The government, according to Altmaier, should support major projects that help keep added value, and thus jobs, in Europe – such as the production of batteries and software for electric and autonomous vehicles. And it shouldn’t stand by idly when local technology companies get funding from U.S. venture capitalists. “As a result, they become U.S. companies step-by-step,” Altmaier wrote; the examples he named included Munich-based data analytics specialist Celonis GmbH, translation engine Deepl and even Germany’s tech leader, SAP SE. Most of the latter’s shares are no longer in domestic hands.

Altmaier didn’t propose that the government should directly buy into promising startups, but he did say that ways must be found to make local private funding available. He suggested that “Germany must pool its entrepreneurial, scientific and political forces in the field of artificial intelligence.” That’s a clear echo of the “Airbus for AI” idea Altmaier publicly backed last year – reproducing the success of the European airplane builder by creating a national tech champion and ensuring “data sovereignty.”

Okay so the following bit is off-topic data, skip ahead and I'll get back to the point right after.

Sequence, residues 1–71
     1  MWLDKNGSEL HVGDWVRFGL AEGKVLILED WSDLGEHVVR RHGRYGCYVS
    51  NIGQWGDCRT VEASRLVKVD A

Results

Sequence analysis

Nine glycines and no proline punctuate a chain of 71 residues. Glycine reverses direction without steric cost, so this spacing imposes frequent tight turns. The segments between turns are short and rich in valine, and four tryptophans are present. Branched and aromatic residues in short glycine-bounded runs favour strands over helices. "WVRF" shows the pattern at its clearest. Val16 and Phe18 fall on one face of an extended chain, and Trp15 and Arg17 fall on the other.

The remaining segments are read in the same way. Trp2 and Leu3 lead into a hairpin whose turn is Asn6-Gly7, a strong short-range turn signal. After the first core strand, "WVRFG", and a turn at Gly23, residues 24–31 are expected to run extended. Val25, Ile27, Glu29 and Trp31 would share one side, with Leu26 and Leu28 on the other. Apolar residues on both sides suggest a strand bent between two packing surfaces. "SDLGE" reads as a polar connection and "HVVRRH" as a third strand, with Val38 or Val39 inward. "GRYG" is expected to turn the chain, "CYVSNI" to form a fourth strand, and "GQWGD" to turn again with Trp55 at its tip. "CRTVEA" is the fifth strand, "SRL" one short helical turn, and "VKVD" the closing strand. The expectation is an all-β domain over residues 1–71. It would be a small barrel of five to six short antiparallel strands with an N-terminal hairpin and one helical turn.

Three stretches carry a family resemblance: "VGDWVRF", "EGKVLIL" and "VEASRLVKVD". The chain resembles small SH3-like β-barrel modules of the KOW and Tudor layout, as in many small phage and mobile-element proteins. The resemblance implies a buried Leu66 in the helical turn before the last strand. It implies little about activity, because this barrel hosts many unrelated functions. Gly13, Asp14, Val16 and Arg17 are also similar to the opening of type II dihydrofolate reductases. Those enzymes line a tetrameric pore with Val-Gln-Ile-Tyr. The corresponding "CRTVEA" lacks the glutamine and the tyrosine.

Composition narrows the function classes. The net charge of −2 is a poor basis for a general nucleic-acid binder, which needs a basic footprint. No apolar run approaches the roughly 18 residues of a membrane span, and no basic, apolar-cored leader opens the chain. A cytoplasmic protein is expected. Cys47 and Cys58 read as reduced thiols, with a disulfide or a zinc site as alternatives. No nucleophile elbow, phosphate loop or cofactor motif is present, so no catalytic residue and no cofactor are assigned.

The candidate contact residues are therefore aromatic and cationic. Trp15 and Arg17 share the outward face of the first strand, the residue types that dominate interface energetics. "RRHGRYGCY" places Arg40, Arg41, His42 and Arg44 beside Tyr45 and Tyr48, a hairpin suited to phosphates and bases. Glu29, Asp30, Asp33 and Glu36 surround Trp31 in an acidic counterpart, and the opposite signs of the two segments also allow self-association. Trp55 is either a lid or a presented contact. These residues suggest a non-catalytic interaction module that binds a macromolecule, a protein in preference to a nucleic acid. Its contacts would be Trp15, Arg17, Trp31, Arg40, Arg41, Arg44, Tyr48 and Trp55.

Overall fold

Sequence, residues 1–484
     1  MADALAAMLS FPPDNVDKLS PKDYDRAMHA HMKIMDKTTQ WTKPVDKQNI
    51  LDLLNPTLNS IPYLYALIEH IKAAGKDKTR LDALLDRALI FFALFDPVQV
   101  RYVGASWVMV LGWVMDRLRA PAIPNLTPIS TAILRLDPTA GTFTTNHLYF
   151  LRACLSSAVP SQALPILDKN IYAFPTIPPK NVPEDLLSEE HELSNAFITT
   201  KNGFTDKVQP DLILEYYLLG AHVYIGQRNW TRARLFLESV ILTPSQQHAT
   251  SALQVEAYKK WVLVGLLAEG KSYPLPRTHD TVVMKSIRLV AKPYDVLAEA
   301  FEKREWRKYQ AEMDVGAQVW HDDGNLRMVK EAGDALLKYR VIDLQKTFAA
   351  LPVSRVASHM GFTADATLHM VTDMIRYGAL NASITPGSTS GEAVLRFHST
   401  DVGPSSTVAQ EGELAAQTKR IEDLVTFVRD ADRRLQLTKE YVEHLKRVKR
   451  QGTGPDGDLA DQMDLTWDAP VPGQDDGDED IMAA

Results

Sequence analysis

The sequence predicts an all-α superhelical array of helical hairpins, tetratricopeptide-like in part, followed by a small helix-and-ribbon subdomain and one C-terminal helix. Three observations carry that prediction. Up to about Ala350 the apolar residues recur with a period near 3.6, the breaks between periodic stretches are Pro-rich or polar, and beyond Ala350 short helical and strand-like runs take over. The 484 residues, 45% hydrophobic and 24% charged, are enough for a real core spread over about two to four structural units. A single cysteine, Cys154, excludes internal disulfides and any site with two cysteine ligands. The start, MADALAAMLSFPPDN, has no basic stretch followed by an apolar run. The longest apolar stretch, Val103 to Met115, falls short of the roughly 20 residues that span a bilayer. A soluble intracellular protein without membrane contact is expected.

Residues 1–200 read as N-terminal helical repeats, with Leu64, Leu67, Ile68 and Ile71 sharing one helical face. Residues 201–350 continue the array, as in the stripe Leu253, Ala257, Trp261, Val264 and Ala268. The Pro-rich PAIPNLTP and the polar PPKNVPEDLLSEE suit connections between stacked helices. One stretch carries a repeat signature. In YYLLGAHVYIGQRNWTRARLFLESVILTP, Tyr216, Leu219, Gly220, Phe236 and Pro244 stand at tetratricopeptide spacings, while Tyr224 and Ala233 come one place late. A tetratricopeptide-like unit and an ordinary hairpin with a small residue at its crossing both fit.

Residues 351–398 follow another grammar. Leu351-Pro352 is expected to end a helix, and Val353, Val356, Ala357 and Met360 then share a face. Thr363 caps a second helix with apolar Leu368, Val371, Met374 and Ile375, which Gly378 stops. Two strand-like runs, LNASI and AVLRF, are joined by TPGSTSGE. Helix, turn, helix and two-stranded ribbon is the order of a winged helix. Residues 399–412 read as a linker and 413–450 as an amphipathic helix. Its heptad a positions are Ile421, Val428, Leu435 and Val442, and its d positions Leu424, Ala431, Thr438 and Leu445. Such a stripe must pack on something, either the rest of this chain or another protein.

If the above, with all the references to economic sovereignty, sounds surprisingly French, that’s not a false impression: Altmaier has found a like-minded thinker in his counterpart Bruno Le Maire. Where Germany was previously somewhat cool about France’s more protectionist instincts, two of the EU’s biggest economies now appear to be in harmony about the need to fight off U.S. and Chinese advances. In December, the two met at the “Friends of Industry” ministerial conference in Paris and agreed to cooperate on joint AI and battery projects.